PRAGUE, Czechoslovkia, Dec. 27, 2003 -- I was still angry the next morning, but decided to pour oil on troubled waters.
I woke Shurik up in time to catch breakfast before the bewitching hour of 10 a.m. Then we decided to try to find an open pharmacy to get some disinfectant and band-aids for a minor wound on his thumb.
Then we decided to find a shopping mall and try to find some things I hadn’t been able to locate in Moscow – rubbing alcohol, index cards, pocket diary for 2004.
Never found the rubbing alcohol or the pocket diary or the index cards. But Shurik saw a leather shoulder bag for that he simply had to have. And a cap. And some socks.
I bought a pair of shoes for about and some odds-and-ends. When we returned, Yegor was still sleeping from the baths, so Anton, Shurik and I decided to go shopping on Wenceslas Square. It took Anton forever to find the right gift for his boyfriend Denis. In the meantime, Shurik was finding more and more things that he had to have: A very smart long-sleeved sweat shirt and a cute matching red checked shirt.
“I want to get something for Yegor to let him know we’re thinking about him.” He had forgotten to pack extra T-shirts, so a T-shirt seemed to be the right thing. I picked out a white one.
“No, I think the black would be better,” Shurik corrected.
So I bought the black one.
When we got home, Shurik immediately began showing off what I had bought him. To Yegor I could only announced feebly that “I bought you a T-shirt, sweetheart.”
The next time I went into Yegor’s room, Anton was wearing the T-shirt. I made some comment about its not being the right size. “I gave it to Anton,” snapped Yegor.
“I don’t like black.”
I was hurt. Yegor is sensitive and caring, and unless he had deliberately wanted to hurt me, he would have simply let Anton “wear” the shirt without announcing to me in stentorian tones that he had given Anton the T-shirt.
I went back to Shurik’s and my room.
“Why are you upset?” Shurik asked.
“Yes, you are.”
So I told him the story.
He took me in his arms. “He didn’t mean to hurt or insult you.”
“Yes, he did.”
Shurik lay down on the bed in his shorts to watch TV. I lay down beside him just to snuggle, and rested my hand on his naked stomach. “Don’t touch me in the stomach. It hurts.”
“I slid my hand to his crotch.”
“Is that better?”
My lonely Christmas night was forgotten in the half hour that followed.
Yegor, Zhenya, and Anton went to Gejzee’s gay club again that night. And saw Misha – two nights after he had said he would be going back to the refugee camp. Ah, Misha, Misha. What a sad story you are.
The next day, Saturday, was our last full day – the day for last-minute souvenirs. When Zhenya at last woke up around 1, we headed back to the shopping area where we had gone the day before.
“I’m hungry,” he said. “Let’s get a quick bite to eat first.” So we headed into an arcade where a cheap Chinese kiosk was operating. We each picked out something. It came to 180 kronar. I wanted to get rid of as much change as possible, so I poured out all of it. It came to 177 kronar – three short.
Do you have any “sdacha,” one of three words meaning “change,” I asked Shurik.
“Sdacha? Sdacha for what? I don’t understand you. What do you want?” He demanded in reply.
I finally got across the idea that I needed three kronar. He tossed a 20-kronar coin on the counter and huffed back to his seat.
“What are you angry about?” I demanded when I joined him.
“It’s your fault. You did something really stupid. You should have said, “do you have any melochka or do you have three kronar? Not do you have any sdacha!”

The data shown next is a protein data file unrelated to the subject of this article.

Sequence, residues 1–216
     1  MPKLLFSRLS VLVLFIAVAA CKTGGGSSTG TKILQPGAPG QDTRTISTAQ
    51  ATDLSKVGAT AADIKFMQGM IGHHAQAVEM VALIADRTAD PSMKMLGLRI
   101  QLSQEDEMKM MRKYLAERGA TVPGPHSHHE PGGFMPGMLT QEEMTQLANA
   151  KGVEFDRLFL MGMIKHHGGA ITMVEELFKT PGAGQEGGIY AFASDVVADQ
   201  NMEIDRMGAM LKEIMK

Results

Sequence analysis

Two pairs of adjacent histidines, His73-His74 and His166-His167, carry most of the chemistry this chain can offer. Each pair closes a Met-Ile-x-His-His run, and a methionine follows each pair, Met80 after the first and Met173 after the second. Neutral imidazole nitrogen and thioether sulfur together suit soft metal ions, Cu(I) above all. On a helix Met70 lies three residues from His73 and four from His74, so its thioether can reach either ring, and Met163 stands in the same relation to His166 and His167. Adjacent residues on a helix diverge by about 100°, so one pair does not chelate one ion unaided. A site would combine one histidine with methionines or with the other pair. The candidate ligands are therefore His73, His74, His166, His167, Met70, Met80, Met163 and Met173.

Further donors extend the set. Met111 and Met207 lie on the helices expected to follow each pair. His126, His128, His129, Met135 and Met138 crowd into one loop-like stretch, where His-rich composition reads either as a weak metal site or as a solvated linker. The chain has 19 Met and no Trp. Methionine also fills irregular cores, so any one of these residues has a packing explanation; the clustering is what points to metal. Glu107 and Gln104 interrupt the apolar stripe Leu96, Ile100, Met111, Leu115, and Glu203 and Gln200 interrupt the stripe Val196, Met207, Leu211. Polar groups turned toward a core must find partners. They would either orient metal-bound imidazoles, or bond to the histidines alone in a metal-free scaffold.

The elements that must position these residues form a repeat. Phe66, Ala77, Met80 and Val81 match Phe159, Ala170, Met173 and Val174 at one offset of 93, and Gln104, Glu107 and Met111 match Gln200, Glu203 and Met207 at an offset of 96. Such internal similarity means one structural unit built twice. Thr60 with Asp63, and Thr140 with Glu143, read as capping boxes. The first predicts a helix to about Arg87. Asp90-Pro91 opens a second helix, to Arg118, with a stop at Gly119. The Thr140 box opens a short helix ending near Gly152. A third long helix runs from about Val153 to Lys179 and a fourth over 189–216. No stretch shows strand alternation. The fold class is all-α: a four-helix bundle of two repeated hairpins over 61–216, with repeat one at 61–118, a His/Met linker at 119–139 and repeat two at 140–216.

He was so angry he was about to explode. He was practically shouting. The people next to us immediately left and the poor Chinaman was embarrassed and tried to ignore us – impossible in the 10-square-foot space.
“Why did you ask people on the metro what station it was?” He continued. “I knew where we were going. Why did you ask them? Why didn’t you ask me? Why don’t you ever believe me? You’re always doing that. You’re always arguing with me.”
In a state of shock, I replied, “I don’t want to continue this,” and looked at the ceiling while he ranted on.
I ate whatever had been served with the tasteless rice while he glowered silently, food untouched. I tossed a thousand-kronar note on the table. “Here, buy what you want. I’m leaving.”
When I got back to the supermarket near the hotel, I ran into Yegor and Anton. “Where’s Shurik?” Yegor asked.
“We had an argument and I left.”
“I hope he can find his way back.”
“Oh, he knows everything. Everything. He’ll find his way back.”
Yegor and I headed down to breakfast together alone the next morning before our flight. I told him what had happened the night before. “The way I’m feeling right now, I don’t want to live with him.
“I don’t want to live with him either, and it has nothing to do with feelings. We’ll talk more about it when I get back.”
In turn I resolved to tell Shurik when we got back that I wanted him out by Feb. 1. And no more money.
“By the way,” Yegor added; “I think I will go to my aunt’s in Sandova for New Year’s. Ours is not a happy family right now.”
“Maybe that would be best. Vanya is coming from Nizhniy Novgorod tomorrow. He and I can spend New Year’s eve together.
On our flight back to Moscow, Shurik and I sat across the aisle from each other and said nothing.
I had just spent somewhere between 00 and 00 for one of the most miserable Christmases of my life. Apparently Shurik was terminally angry because I had said the wrong word. The punishment didn’t fit the crime.
I can forgive mistakes, but I can’t forgive unkindness. I was furious with myself for wasting all that time and money on a defiant, spoiled, and unappreciative Shurik.
“I love you forever.” Right! But just what did I expect from a 19-year-old hustler?